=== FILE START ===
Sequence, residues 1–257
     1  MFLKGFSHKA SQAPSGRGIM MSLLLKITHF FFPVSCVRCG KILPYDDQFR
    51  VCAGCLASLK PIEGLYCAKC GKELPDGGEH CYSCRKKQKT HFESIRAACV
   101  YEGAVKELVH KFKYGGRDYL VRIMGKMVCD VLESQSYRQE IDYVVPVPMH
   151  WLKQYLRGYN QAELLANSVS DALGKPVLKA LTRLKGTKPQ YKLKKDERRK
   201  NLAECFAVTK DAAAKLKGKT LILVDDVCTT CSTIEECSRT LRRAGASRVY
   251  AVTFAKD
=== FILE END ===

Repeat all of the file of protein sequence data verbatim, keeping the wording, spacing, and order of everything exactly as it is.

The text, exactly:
Sequence, residues 1–257
     1  MFLKGFSHKA SQAPSGRGIM MSLLLKITHF FFPVSCVRCG KILPYDDQFR
    51  VCAGCLASLK PIEGLYCAKC GKELPDGGEH CYSCRKKQKT HFESIRAACV
   101  YEGAVKELVH KFKYGGRDYL VRIMGKMVCD VLESQSYRQE IDYVVPVPMH
   151  WLKQYLRGYN QAELLANSVS DALGKPVLKA LTRLKGTKPQ YKLKKDERRK
   201  NLAECFAVTK DAAAKLKGKT LILVDDVCTT CSTIEECSRT LRRAGASRVY
   251  AVTFAKD